13 JPEG image of title page, if available
14 Manuscript Holdings
N/A
15 Other (typograpical information from title page, etc.)
Description of Dust Jacket: The top 5.5" on the front of the 9.5" dust jacket is red with the title in white, occupying 3.25" at the bottom of the red section. The remaining section is white with the subtitle written in red at the top of the white section. There is a donkey outlined in grey in the center of the lower section. The author is in dark blue type at the bottom of the page. The spine features a white title in the red section and the author in blue type in the white section. The publisher is also in blue at the bottom of the white section. On the back there is an excerpt from the novel on the back, describing the main character, in white type in the red section. There is a donkey outlined in grey on the left corner of the lower portion. The front inside cover of the dust jacket is white with black type. It contains a plot summary. The back inside cover is also white with black type. It contains the final portion of the summary. Credit is given to the jacket designer and jacket illustrator in the middle of the page, reading: Jacket design: Daniel Rembert | Jacket illistration: Steven Blumenthal. The publisher and the publisher's address is in the lower half.
Assignment 2: Publication and Performance History
1 Did the original publisher issue the book in more than one edition? If so, briefly describe distinguishing features of each (illustrations, cover art, typography, etc.); if not, enter N/A
N/A
2 JPEG image of cover art from one subsequent edition, if available
3 JPEG image of sample illustration from one subsequent edition, if available
4 How many printings or impressions of the first edition?
There were 12 first edition printings as of February 1996, totalling 542,000 copies. By the end of July 1996, there were 1.2 million first edition copies. Thee final number of first edition printings was not indicated in any source.
5 Editions from other publishers? If so, list their dates and publishers; if not, enter N/A
1996. New York: Warner Books. 507 p.; 17 cm. [paperback edition] 1996. London: Chatto & Windus. 366p.; 24 cm. [1st British edition] 1996. London: Vintage. 366p.; 20 cm. 1996. Bath, Avon, England: Chivers Press Thorndike Press. 655p.; 23 cm. [large print edition]
6 Last date in print?
Still in print. Four of Joe Klein's other books, The Natural, The Running Mate, Street Narcotic Enforcement, and Woodiy Guthrie, are still in print. Two of his other books, Payback and Sports Quotes are out of stock indefinately according to Books in Print online.
7 Total copies sold? (source and date of information?)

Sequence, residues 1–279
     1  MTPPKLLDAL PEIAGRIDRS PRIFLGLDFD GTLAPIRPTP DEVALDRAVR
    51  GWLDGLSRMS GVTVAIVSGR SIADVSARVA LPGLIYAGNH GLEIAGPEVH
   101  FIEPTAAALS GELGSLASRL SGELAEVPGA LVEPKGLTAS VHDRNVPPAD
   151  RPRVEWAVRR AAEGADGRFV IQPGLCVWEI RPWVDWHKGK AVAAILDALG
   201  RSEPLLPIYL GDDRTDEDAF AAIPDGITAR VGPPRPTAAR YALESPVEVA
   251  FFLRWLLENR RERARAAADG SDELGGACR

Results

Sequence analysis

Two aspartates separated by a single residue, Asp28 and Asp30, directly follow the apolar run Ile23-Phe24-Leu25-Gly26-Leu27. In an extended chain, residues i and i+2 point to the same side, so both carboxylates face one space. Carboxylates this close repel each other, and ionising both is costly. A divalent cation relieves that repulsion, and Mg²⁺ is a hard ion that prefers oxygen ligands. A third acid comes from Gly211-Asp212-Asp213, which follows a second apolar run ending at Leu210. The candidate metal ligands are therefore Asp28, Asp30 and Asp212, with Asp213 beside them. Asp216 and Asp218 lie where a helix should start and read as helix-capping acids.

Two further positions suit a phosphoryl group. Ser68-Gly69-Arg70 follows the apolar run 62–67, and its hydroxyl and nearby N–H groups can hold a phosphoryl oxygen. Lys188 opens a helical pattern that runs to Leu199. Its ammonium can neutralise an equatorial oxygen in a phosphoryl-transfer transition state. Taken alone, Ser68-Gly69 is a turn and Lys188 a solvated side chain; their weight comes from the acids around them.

Approximately 3,000,000 (Source: Publishers Weekly article online, January 31, 2000)
8 Sales figures by year? (source and date of information?)
$972,385 from release in January 1996 to Febuary 1997, 35% accounted for by three national chains. (Source: The Bowker Annual, 1997) Estimated $42,780,000 from multiplying sales totals from January 31, 2000 Publishers Weekly article by price.
9 Advertising copy (transcribe significant excerpts, briefly identify where ads were placed)
Publishers Weekly June 17, 1996 The two page add says "THE PHENOMENAL #1 BESTSELLER | WILL NOW BE AVAILABLE IN PAPERBACK!," the first line in a red block with white type, the second line in a blue block with white type. Three pictures of the first edition adorn the center of the pages underneath the preceeding lines - the first in red, the second in yellow, and the third in blue. The title, white type in a red box, spans both pages underneath the book pictures with "By | Anonymous" in smaller type just below the title on the left side of the page. "THE MOST TALKED ABOUT POLITICAL NOVEL EVER WRITTEN. . ." is in red type underneath the title. Four positive reviews are centered horizontally in blocks of two on the bottom of the page. The left fifth of the page is blue on top with "ANONYMOUS | IN | '96" in white type with the picture of the donkey featured on the first edition in white below. The blue section ends when the red stripe on which the title is written divides the top section with the yellow lower section. "NOVEMBER | 1996" is in red type indicating the release date of the Warner Books paperback edition. The right fifth features a grey vertical stripe. "UNPRECEDENTED READER TURNOUT!" is written in red at the top. Directly underneath are three bullet marked points. The first says, "PRIMARY COLORS hit #1 on | the New York Times, Washington | Post, Los Angeles Times, USA Today, | San Francisco Chronicle, Wall Street | Journal, Boston Globe, and | Publishers Weekly bestsellers lists." The second says, "To date, almost 1.1 million | Random House hardcover copies have been shipped." The third says, "Timed to coincide with the presidential election." Further down on the right side of the page, "Shipping September 20th" is in red type in a yellow box. The marketing campaign is indicated at the bottom right corner of the page. The advertising paragraph indicates that there is print advertising in The New York Times, Washington Post, Los Angeles Times, Chicago Tribune, San Francisco Chronicle, Boston Globe, Time, People, and Publishers Weekly. In addition there is transit advertising in New York and Washington D.C. The promotion paragraph indicates that a 40-copy slimline floor display with special riser is $279.60.